The Chicago Fire front office has done almost nothing right this year.
Between the supporter bans and the club’s woes on the pitch, this is probably the worst season in club history, even if they manage not to win the Andrew Hauptman Memorial Wooden Spoon.
But one thing I still believe the Fire did right— their streaming agreement. Not only is the ESPN+ deal a good idea, but one that is ahead of its time. The idea that I can take my Fire with me wherever I am and not have to worry about wondering if where I am has CSN+ or not is wonderful. I was also a subscriber to MLS’s League Pass to stream out of market games for 80 bucks a year. So when this came along, the thought was, “Great! No blackout restrictions, it’s $20 cheaper, plus everything else non-soccer related on ESPN+. This is a bargain.”
I never really understood the complaints about ease of access. It’s literally right there in your pocket. What difference is there between projecting it from your phone on the TV versus flipping the channel? And as for quality concerns, aside from the hiccup the first week, there really haven’t been any. I’ve streamed every game without problem the entire season from both my phone and laptop.
I have come to understand, from a technical standpoint, that I come from a place of privilege when it comes to this. I have access to very fast reliable internet— something that is not true for a lot of people. Even in 2018, the internet is not as reliable as a cable subscription. Nor is it as easy for others to make changes to their viewing habits.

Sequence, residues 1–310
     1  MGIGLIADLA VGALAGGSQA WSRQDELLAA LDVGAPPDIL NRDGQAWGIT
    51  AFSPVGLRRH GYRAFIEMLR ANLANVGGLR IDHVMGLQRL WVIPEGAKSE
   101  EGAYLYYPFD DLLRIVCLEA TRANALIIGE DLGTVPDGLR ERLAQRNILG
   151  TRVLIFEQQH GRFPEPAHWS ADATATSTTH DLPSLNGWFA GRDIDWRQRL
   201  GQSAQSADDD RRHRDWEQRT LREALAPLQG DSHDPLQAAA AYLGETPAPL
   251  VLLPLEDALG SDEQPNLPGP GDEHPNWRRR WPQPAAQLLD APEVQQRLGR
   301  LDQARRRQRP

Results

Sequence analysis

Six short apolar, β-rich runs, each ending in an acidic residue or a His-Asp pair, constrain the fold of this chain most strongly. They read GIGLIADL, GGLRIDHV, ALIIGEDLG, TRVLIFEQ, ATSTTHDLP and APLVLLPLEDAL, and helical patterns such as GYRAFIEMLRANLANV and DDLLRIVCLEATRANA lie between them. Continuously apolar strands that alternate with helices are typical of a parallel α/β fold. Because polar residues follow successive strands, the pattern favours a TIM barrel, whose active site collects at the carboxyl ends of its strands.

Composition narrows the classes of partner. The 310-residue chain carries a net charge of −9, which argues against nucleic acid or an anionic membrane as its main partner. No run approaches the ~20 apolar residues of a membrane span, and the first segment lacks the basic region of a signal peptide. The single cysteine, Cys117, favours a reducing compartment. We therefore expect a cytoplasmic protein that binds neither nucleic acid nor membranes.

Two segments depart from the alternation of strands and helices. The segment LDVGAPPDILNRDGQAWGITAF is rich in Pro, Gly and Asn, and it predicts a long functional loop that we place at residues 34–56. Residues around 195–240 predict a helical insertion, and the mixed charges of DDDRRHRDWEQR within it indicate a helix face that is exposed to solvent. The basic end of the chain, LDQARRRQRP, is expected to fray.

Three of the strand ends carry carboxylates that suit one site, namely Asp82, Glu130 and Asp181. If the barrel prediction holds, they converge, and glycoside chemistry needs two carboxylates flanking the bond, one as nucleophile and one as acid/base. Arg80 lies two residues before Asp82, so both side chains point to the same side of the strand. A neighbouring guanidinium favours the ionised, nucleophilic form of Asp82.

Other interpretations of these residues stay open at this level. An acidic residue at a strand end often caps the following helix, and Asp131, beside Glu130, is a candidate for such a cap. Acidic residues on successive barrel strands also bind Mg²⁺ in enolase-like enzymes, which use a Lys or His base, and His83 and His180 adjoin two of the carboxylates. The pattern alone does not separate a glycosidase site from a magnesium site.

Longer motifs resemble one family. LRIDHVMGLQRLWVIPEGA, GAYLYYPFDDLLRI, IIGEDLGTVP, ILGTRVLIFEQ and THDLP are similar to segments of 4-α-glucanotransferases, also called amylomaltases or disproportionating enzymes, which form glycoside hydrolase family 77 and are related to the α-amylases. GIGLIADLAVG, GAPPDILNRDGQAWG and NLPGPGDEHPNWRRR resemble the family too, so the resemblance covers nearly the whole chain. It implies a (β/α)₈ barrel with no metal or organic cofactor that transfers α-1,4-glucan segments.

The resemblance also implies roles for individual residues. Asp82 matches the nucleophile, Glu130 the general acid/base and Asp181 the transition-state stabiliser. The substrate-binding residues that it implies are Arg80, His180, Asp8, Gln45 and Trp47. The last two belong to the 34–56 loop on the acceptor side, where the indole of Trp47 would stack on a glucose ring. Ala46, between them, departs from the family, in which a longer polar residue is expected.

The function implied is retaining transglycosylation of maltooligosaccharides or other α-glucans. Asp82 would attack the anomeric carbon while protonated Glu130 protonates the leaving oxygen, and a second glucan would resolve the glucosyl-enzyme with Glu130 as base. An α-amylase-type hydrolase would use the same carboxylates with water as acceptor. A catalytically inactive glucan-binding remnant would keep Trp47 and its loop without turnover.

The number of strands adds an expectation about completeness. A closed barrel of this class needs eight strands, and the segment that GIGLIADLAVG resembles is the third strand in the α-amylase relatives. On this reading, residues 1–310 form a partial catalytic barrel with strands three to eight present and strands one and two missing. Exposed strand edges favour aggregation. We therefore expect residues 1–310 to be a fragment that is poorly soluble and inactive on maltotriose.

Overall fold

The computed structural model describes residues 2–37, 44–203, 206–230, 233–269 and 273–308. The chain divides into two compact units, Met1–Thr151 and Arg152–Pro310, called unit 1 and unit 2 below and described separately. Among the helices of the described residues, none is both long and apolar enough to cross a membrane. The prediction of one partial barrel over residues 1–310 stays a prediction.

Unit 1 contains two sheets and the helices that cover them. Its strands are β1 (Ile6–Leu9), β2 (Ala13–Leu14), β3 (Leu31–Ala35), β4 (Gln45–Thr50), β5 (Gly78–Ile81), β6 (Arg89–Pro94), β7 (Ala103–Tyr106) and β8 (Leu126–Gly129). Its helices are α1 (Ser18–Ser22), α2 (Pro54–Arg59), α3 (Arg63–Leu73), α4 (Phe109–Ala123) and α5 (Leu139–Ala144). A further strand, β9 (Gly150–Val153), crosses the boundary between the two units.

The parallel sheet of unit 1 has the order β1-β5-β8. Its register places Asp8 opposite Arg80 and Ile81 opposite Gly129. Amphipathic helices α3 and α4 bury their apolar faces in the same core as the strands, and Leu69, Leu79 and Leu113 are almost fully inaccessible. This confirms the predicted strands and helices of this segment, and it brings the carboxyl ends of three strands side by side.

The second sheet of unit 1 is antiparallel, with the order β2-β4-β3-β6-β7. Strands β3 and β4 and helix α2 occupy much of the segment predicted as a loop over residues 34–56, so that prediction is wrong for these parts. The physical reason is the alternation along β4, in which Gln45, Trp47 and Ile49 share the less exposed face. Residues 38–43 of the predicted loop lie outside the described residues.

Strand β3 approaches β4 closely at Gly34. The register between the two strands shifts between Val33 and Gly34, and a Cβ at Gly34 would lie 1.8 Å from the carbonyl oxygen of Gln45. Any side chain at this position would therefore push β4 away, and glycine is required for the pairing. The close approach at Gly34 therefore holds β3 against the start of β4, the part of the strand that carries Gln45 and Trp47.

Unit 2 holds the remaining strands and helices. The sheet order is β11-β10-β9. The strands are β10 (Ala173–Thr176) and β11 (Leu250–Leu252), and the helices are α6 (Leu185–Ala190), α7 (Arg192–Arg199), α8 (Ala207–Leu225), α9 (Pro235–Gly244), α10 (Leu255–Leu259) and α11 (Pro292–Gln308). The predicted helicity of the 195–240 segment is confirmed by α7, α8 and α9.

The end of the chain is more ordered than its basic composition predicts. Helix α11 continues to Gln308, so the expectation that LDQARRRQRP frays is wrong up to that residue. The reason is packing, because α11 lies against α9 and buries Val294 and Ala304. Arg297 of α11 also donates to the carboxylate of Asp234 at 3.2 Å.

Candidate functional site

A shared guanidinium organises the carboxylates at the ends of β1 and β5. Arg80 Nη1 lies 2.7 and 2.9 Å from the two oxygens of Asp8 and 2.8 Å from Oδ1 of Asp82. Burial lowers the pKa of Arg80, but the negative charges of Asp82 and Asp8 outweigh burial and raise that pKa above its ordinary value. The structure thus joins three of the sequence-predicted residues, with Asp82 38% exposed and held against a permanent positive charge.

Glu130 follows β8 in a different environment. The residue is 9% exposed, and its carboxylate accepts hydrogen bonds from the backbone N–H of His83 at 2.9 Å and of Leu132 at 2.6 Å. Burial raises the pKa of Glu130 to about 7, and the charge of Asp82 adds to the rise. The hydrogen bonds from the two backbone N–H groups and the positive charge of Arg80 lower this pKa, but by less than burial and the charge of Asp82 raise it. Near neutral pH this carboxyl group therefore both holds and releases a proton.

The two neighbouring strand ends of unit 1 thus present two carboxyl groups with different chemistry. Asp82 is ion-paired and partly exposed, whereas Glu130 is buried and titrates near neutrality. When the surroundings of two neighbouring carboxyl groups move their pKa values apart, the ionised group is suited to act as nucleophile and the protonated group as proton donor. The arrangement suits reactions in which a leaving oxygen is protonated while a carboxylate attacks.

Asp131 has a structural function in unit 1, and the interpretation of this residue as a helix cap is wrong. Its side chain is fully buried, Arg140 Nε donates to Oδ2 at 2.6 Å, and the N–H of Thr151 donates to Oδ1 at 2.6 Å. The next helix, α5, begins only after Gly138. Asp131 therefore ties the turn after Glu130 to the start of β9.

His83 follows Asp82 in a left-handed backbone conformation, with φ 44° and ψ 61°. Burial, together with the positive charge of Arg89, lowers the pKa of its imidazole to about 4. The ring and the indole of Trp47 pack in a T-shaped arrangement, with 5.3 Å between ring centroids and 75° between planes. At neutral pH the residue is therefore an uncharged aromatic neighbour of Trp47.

My dad, for example, is what I would consider a casual Fire fan. He watches the games, but doesn’t really pay attention to anything else going on. He doesn’t follow team news, and I doubt he reads blogs or anything (unless I’m wrong, in which case, Hi, Dad.) Every Saturday, he asks me “Are the Fire on TV?” an upgrade from “What channel are the Fire on?” Him watching games is completely dependent on me being there with him. I imagine that there are a lot of fans out there who are like that. And they are the ones hurt most by this.
From a non-technical side, the optics of the move have been bad. The front office has managed to screw up what should’ve been a hit by dragging it down with all the baggage that followed the announcement. What looked like an innovative way to nationalize the footprint of a soccer team on the upswing looks more like just another anti-fan policy on a string of other anti-fan policies.
The FO is perceived as putting the team behind a paywall, hiding them away from what they know was going to be a step back in form this year— or, if you’re feeling particularly cynical, in anticipation of some of the bad looking decisions that they were planning on doing this year.
I still think that moving to a streaming platform and leaving traditional cable will eventually be a good move. But on the back of everything else happening this year, it just looks depressing.